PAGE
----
14. 14. ACCESS RIGHTSForbes v Fife Council, 2009 SLT (Sh Ct) 71• House in a suburban setting• Path created when houses built• Garden separated from path by six foot high fence• Garden ground gave house a reasonable measure of privacy
  15. 15. ACCESS RIGHTSMcKaskie v Cameron, Preston County Court, 1 July 2009• Woman with pet dog crossing field containing 40 cows and their calves• Attacked by cows and seriously injured – brain injuries, confined to a wheelchair• Farmer at fault – Occupiers Liability Act 1957• Farmer at fault – Animals Act 1971• Case being appealed
  16. 16. ACCESS RIGHTS• Not all recreational uses have to be accommodated on exactly the same land. Where potentially competing recreational uses a responsible land user can take action to manage the land to prefer one type of use over the other (Tuley).• Where a reasonable basis for believing one type of use would cause damage, no requirement to wait for the damage to happen before taking preventative measures (Tuley).
  17. 17. ACCESS RIGHTS• May be more than one motivation behind restricting access. Require to consider motives of all the different owners. Where challenging a notice served by a local authority care might also be required in the selection of a pursuer to bring proceedings under Section 14(4) (Forbes).• Landowner entitled to take measures to prevent irresponsible exercise of access rights, provided not more than reasonable and allows responsible exercise (Tuley and Forbes).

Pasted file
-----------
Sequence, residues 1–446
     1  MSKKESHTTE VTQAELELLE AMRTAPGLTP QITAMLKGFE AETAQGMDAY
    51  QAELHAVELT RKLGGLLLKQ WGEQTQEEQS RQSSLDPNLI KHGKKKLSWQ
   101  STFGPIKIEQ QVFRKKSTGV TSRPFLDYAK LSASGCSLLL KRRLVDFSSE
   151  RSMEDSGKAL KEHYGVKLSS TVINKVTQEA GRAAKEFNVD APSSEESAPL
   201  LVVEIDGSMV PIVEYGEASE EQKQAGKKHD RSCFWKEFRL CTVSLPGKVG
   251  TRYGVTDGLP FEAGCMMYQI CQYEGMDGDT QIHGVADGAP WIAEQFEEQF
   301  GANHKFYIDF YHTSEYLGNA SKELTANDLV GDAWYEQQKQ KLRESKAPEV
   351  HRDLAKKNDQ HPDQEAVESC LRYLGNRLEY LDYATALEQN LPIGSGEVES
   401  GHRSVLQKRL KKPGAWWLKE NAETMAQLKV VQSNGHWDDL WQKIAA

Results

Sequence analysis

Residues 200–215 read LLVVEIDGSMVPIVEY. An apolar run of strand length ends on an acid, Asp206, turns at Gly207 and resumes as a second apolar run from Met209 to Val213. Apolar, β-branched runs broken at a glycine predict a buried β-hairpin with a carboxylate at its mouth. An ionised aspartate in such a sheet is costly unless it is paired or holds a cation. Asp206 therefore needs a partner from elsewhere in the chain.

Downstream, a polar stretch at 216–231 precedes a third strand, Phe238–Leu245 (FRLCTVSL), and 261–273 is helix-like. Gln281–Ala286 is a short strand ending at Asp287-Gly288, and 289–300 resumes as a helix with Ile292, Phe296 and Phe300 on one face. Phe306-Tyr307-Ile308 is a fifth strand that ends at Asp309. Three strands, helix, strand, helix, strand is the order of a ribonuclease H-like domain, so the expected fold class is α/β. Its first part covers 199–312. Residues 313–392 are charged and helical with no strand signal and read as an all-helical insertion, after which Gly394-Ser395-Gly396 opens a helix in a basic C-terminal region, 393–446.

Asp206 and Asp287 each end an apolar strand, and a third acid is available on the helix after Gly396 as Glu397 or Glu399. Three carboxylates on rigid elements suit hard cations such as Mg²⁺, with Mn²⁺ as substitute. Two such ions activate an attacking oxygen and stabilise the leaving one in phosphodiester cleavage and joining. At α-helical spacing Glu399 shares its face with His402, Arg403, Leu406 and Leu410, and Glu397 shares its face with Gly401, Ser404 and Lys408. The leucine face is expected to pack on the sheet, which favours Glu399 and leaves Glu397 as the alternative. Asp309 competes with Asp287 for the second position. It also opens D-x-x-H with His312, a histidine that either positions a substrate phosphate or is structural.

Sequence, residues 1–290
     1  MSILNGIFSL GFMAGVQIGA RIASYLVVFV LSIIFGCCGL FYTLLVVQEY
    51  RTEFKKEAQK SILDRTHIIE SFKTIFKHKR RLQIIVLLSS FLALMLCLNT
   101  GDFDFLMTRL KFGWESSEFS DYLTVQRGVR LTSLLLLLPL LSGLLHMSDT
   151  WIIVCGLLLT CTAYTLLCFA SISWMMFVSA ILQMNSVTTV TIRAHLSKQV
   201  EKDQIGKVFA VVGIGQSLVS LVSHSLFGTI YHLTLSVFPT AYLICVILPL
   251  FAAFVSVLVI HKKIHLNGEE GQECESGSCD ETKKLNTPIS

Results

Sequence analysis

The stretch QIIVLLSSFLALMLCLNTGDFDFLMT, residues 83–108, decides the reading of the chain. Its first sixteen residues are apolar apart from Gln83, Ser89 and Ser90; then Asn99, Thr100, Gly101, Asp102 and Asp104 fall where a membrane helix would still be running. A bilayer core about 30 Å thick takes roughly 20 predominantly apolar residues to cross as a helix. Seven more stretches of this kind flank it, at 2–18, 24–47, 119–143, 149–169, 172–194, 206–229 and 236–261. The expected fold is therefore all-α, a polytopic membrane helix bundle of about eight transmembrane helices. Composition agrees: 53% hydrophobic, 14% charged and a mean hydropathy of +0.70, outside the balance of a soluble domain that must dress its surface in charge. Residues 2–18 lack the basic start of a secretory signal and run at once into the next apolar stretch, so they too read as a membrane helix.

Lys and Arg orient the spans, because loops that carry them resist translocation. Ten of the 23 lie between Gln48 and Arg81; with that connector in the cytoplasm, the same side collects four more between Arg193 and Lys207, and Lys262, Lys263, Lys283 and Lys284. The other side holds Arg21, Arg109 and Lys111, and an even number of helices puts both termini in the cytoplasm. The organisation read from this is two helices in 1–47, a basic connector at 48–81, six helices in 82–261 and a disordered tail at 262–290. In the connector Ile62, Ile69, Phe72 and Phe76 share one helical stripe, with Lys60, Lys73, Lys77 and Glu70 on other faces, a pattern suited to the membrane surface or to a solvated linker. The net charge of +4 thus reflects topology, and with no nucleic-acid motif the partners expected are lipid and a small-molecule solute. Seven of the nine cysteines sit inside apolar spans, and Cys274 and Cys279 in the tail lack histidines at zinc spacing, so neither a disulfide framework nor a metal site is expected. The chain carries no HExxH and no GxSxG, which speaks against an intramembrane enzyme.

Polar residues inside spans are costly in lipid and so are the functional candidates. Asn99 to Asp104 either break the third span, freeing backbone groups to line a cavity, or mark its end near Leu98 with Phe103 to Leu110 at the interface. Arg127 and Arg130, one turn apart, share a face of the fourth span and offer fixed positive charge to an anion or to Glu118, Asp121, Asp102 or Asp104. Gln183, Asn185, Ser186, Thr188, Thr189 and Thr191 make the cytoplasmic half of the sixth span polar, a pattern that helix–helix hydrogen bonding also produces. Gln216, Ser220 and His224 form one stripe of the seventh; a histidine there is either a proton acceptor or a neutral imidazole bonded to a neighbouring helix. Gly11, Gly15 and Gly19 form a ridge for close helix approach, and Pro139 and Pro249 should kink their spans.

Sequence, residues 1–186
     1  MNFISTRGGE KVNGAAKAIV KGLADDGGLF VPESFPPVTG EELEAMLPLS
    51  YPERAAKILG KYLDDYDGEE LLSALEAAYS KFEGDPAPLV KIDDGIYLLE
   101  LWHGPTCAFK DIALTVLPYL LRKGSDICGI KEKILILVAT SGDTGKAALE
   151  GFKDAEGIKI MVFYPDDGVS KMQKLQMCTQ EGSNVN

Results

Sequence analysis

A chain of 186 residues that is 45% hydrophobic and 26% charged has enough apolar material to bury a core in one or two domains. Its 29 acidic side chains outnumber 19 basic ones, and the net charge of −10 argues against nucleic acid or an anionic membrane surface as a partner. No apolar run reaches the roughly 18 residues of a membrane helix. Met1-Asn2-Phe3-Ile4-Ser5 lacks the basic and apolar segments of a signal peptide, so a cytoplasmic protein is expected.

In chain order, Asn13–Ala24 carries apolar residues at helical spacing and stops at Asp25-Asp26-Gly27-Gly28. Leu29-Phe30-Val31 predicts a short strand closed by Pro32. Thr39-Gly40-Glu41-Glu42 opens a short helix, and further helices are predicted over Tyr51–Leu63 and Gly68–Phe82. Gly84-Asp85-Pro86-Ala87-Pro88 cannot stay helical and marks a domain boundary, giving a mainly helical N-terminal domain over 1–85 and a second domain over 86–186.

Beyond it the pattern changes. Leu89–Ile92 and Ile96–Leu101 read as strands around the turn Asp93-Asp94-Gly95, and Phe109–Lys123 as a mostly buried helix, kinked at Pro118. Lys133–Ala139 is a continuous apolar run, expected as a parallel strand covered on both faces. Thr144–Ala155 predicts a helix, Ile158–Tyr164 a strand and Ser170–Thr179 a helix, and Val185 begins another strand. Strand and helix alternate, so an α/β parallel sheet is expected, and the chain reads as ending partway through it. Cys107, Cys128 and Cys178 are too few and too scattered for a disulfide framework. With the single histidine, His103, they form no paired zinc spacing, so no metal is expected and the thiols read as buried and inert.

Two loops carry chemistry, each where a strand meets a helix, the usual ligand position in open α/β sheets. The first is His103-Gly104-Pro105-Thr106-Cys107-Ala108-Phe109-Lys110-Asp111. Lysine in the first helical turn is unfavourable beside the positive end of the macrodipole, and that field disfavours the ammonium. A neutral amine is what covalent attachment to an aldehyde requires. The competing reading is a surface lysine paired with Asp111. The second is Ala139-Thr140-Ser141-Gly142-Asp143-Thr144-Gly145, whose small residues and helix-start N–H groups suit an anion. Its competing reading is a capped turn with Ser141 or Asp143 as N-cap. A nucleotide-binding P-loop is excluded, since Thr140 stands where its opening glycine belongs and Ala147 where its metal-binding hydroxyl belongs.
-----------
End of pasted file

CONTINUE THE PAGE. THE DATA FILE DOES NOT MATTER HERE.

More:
18. 18. ACCESS RIGHTS• Section 14(2) notice requires to be directed to something done (or not done) since the Act came into force (Aviemore Highland Resort Limited).• The more rural, remote and larger the property, the more privacy you will enjoy (Gloag and Snowie). Suburban properties unlikely to find that they are entitled to anything more than their own gardens (Ross and Forbes).
  19. 19. ACCESS RIGHTS• Still some problematic areas - including whether the Gloag case really is the last word on Section 6(1)(b)(iv), and the impact of statutory access rights on an occupiers duty of care.
  20. 20. ACCESS RIGHTS :LESSONS FROM THE CASE LAW Robert Sutherland, Advocate Terra Firma Chambers